Live Review: The Cribs at The Garage

on Monday, August 02, 2010
Words: Kieran Toms

Live: The Cribs at The Relentless Garage, London (14/07/10)

The Cribs (old lineup)
Perhaps being young is the best time of your life. It’s certainly what some people say. “The Good Old Days”, as one important band of my earlier years sang. Maybe because you see the old days through a gold filtered haze, and you don’t see your troubles or worries and that sort of thing. I dunno, psychologists probably know better.

In June 2005, the day before my 17th birthday, shortly before the release of The Cribs’ second album, 'The New Fellas', I stood, youthful and impressionable, in the Garage in Highbury to watch The Cribs perform tracks off both the aforementioned album and their eponymous debut effort. It was the first time I had properly seen the band, having caught the raucous end of their Reading festival set the summer before and been a fan ever since.

So it was a slightly strange experience to be stood in the same room just over 5 years later (alright, it’s not that long in the scheme of things, I suppose, but it feels a while), watching the same songs by the same band. The Cribs have come a long way since then, as has the venue in fact, now renovated and rather smarter.

I suppose this gig could have been a little too steeped in nostalgia, devoid of any “now”, a mere harking back to better times. But just as the same people that sang about the good old days also mentioned that "These are the good old days", for The Cribs that’s probably true - 4 albums in and showing no signs of slowing down, selling out venues far bigger than this now, even up a member thanks to Johnny Marr (though he is absent tonight, not having played on these first two records). So rather than being a lament to times past, it instead has an air of celebration – both of The Cribs’ achievements, and of 10 years of their Wichita label, the reason for this gig taking place.

The Cribs (new lineup, with Johnny Marr)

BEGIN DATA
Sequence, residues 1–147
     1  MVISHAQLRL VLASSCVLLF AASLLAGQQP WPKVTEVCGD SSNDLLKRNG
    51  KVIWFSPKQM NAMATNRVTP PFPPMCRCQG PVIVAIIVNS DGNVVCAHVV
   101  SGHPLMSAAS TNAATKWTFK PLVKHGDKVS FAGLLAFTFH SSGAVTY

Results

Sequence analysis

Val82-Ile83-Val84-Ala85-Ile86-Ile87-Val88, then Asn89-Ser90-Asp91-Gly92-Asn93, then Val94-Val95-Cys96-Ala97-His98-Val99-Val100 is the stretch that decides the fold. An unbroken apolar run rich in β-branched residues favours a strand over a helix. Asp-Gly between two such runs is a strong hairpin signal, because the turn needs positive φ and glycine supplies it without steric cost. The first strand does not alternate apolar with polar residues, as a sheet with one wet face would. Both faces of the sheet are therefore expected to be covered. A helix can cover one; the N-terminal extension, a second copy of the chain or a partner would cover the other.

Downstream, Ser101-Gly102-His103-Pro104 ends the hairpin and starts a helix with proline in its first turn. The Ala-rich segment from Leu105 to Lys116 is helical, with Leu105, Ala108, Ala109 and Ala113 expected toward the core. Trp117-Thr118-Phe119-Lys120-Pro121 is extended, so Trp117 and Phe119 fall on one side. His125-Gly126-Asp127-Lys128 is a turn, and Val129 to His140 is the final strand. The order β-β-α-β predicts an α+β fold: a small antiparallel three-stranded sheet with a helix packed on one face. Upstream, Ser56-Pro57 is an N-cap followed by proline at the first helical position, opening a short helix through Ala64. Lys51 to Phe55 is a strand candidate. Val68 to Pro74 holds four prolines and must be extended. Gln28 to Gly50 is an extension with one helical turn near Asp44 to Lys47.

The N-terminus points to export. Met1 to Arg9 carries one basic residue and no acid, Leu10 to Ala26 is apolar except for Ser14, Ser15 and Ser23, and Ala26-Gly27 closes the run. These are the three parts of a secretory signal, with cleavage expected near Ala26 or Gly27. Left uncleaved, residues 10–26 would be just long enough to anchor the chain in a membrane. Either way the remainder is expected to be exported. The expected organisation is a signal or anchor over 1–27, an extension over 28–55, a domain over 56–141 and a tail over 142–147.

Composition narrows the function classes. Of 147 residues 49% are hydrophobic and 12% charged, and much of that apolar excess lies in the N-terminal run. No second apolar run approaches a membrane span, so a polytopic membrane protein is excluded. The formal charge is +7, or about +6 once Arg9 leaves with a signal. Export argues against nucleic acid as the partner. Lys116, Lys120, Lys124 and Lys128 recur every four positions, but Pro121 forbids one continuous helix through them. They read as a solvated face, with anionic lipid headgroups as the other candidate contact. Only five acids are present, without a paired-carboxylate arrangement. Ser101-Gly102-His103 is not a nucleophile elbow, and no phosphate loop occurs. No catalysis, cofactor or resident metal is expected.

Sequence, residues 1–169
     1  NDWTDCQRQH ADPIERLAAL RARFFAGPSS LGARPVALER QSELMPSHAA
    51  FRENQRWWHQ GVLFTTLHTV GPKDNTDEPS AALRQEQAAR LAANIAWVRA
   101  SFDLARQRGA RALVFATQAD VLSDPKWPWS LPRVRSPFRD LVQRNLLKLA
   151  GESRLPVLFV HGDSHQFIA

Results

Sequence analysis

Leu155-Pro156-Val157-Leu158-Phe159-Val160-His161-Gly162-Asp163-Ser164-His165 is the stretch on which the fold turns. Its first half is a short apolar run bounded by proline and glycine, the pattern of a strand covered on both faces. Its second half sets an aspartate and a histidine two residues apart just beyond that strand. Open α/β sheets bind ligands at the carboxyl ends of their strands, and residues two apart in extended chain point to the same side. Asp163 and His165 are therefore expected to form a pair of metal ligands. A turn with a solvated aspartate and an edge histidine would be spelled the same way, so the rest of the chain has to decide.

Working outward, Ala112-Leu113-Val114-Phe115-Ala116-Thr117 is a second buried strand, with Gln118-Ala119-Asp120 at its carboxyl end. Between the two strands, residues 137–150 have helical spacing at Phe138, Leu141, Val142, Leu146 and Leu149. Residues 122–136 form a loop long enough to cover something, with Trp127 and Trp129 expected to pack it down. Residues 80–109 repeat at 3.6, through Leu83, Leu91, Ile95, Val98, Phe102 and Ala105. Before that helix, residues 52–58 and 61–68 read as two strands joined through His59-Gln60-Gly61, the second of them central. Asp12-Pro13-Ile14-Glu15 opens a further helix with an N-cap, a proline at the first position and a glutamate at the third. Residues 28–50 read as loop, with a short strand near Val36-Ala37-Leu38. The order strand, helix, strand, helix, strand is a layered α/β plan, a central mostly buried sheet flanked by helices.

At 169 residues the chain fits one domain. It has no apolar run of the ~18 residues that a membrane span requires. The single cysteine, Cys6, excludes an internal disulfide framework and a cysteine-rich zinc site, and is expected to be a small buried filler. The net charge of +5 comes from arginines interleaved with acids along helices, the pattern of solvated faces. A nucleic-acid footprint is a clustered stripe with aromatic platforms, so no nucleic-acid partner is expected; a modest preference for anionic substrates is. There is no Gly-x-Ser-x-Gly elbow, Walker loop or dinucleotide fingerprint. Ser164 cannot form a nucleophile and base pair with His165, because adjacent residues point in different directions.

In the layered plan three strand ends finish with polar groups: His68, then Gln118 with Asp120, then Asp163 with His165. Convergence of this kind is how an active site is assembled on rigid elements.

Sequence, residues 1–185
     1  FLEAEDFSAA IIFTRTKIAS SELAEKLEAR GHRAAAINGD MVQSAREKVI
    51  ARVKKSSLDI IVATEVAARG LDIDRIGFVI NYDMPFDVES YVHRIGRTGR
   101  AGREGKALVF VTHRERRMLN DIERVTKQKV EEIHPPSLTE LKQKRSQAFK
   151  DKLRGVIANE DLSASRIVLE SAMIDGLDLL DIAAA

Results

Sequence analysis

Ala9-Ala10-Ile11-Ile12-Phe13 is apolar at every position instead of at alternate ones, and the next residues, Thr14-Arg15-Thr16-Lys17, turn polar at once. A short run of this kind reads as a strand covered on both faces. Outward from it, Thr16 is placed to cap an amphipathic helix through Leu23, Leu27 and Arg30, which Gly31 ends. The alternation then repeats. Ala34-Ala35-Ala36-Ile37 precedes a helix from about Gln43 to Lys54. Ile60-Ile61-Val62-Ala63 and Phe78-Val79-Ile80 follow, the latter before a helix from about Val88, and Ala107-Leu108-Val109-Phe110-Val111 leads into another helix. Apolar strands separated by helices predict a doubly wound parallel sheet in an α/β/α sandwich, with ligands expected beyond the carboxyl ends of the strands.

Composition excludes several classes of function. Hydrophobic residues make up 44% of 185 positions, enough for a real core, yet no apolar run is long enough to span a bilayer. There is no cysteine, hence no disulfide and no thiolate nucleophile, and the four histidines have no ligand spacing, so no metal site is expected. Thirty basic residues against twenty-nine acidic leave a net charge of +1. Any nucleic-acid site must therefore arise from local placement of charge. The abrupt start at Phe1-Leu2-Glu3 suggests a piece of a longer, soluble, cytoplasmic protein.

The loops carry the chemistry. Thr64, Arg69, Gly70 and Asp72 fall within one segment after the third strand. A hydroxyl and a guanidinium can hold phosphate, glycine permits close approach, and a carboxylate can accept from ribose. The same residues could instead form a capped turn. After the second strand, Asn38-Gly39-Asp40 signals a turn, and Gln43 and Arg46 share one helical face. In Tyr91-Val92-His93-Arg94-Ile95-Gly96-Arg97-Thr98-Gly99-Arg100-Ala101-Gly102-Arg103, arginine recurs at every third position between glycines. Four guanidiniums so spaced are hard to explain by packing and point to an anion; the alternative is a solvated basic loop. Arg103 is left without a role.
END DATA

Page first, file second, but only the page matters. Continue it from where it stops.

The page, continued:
The band are in fine form, despite their protestations that they’ve forgotten half the songs due to not playing most of them any more. Every song is bellowed back by the gleeful crowd, and what fun songs they are, full of Whoa-Ohs that make them perfect singalongs. And the fact that both albums are, as advertised, played in full means no-one is left disappointed that their favourite is missed out.

Maybe trying to look at it with objectivity is beyond me, because these are songs that I listened to a hell of a lot back then, songs I never supposed I‘d hear live again. And so when, prior to 'The Wrong Way To Be', they tell the crowd that in the old days they used to have lots of people stage diving at their gigs and that they’d be pretty pleased like it if that happened again, I forget that I am here in my work clothes, and that the kids at the front look awful young these days, and that when I was sixteen I dislocated my shoulder crowd surfing. And so onstage I hurry, darting past the suddenly overworked security (I may have lost half a yard of pace, but it’s the experience that counts). And then back into the crowd I hurl myself. And then my shoulder gets dislocated again, and I am in hospital till half three in the morning.

But it was worth it.

The Cribs released their latest album 'Ignore The Ignorant' in September 2009, more details here.

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